Why we cannot abandon innovation beyond COVID
One of the few silver linings to come from the pandemic has been the rapid adoption of innovation in healthcare. The race to develop vaccines in less than one year is a prime example - taking anywhere between 10 and 15 years in normal circumstances. Other technologies such as telemedicine for virtual appointments, and Virtual Reality (VR) or Augmented Reality (AR) that provides lifelike remote training for medical staff, have broken through with great pace.
The healthcare industry has needed this boost and the pandemic has acted as a powerful impetus for change. Recent research from McKinsey shows two of the industries surveyed, who have increased their focus on innovation are pharmaceutical and medical devices. But why is this so important and will it continue post-COVID?
Rebalancing the scales
Innovation in medical technology (MedTech) is uniquely important to the future of healthcare for two fundamental reasons. On an economic level, the pandemic costs led to a £5.1bn deficit for the NHS in England in the first four months of the financial year, compared with the pre-pandemic budget. Some of the key contributors include extending the workforce to meet the healthcare demand, absences from sickness, providing extra bed capacity, and, at the beginning of the lockdown, higher costs of prescribing. Technology has not only helped continue vital services digitally through the pandemic, it also offers the possibility to make healthcare services more efficient and cost effective.
The true potential of MedTech goes beyond the financial impact though. There are massive societal changes which put a strain on healthcare systems globally. An ageing population means more people using healthcare services, but less people in employment and paying taxes to support them, at a time when medical costs are increasing exponentially. This has led to a healthcare system struggling to cope with demand - even before COVID-19.
Technology is increasingly being used to rebalance the scales, reducing the financial pressure on the NHS while enhancing patient outcomes.
Before medical technologies can be introduced into healthcare settings to make a positive difference to patient outcomes, companies have to - quite rightly - gather the evidence that products are safe and effective. Bringing a medical device to market requires rigorous testing, regulatory approvals, clinical studies, and healthcare professionals willing to support and champion the product - all of which requires money, time and commitment.
Critical to medical device adoption is the need to meet the regulatory requirements of different health services around the world and the need to generate positive patient data through a programme of clinical studies.
There is no doubt regulation is necessary, and bodies such as National Institute for Health and Care Excellence (NICE) and the US Food & Drug Administration (FDA) must be commended for ensuring innovations are safe. However, if global healthcare systems are to continue adopting innovation beyond the pandemic, we need to strike a balance between regulation and innovation.
The flexible response of regulatory bodies during the pandemic - two examples shared here in the UK and US - offers great scope for the industry to shape the dialogue for how the sector will be regulated in future. Importantly, the industry can now point to the FDA’s granting of more than 250 emergency use authorisations, including medical devices, PPE and ventilators, in the first six months of the pandemic. And partnership is going to become an increasingly vital part of that conversation.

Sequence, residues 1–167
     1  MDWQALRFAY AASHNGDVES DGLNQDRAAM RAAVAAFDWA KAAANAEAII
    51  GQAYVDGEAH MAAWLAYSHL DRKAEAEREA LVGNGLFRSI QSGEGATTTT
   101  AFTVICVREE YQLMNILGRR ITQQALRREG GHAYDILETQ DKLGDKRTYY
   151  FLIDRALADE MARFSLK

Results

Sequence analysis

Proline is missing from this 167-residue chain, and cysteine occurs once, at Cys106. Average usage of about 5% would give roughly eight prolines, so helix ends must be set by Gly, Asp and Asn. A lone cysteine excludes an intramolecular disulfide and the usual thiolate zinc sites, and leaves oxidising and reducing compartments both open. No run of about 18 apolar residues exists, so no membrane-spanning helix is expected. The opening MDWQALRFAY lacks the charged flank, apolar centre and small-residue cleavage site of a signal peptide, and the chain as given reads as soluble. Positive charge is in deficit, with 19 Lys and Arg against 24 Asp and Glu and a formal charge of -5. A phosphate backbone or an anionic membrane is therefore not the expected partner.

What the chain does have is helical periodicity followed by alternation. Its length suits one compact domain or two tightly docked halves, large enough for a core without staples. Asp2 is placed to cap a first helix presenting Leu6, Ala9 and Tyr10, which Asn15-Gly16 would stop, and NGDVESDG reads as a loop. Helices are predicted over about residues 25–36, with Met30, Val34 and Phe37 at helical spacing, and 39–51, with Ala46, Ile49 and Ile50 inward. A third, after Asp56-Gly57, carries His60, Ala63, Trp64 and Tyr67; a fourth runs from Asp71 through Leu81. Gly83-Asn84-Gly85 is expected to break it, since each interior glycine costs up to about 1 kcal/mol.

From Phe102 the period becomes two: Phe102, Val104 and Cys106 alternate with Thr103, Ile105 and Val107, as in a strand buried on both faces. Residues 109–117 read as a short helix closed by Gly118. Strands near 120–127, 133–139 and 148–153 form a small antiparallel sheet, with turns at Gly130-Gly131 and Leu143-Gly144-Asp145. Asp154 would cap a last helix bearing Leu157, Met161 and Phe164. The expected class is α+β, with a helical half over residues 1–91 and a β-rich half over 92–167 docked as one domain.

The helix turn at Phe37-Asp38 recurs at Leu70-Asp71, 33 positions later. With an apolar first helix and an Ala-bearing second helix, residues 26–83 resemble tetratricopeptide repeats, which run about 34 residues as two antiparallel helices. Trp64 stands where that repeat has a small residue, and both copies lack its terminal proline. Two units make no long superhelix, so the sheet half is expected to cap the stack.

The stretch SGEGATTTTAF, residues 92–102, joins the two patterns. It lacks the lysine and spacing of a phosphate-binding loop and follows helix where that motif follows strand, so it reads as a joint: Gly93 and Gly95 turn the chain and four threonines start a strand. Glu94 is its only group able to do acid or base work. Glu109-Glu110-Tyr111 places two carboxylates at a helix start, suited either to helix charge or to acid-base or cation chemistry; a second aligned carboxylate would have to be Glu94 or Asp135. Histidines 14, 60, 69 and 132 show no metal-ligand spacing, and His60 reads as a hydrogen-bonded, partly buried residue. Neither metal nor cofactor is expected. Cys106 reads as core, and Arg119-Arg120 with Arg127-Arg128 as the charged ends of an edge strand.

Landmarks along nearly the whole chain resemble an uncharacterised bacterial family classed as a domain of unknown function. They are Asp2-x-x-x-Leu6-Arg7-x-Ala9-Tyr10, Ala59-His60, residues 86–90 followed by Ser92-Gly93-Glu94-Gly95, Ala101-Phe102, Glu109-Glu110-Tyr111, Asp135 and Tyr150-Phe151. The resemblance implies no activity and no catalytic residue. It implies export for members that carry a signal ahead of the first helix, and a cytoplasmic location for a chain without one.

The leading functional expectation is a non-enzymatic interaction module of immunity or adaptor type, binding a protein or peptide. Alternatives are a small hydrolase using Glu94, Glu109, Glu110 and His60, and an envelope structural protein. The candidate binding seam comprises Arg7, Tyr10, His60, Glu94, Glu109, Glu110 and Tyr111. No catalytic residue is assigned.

Collaboration in innovation
To have a tangible impact on healthcare delivery, clinical and health economic data and product benefits must be clear for clinicians to see, and MedTech companies must be sensitive to the process through which innovation is adopted - as part of this, the need to support all aspects of product adoption, from user training to information manuals and product videos.
Often MedTech companies want to be seen as 'disruptive' in their field. But MedTech should be anything but disruptive. A new technology should ideally fit as seamlessly as possible into existing workflows, not delay or interrupt them. A consultant surgeon may love a new technology, but if it adds too much work for front line staff, an adoption hurdle will loom. There are clever, evidence-based, fundable, well published innovations out there but to achieve adoption they also need to be straightforward to integrate.
Equally, the burden of adoption cannot continue to fall on the shoulders of front-line staff who, on top of their full-time jobs, and in a challenging environment, can sometime feel they stand alone in their willingness to give up additional time to pursue innovation for better patient outcomes.
Carrying the torch
New technologies and innovations have the potential to improve patient outcomes, reduce the strain on healthcare professionals and - ultimately - save healthcare systems money across the globe. The pandemic has been pivotal to an infrastructure change that has assisted healthcare professionals to make the switch to innovation-enabled care. This momentum must be maintained.
Healthcare systems do not have an innovation problem; they have a replication problem: successful projects and changes to clinical practice have in the past rarely been reproduced elsewhere in the system. The pandemic has changed this, allowing innovation to break through with great pace.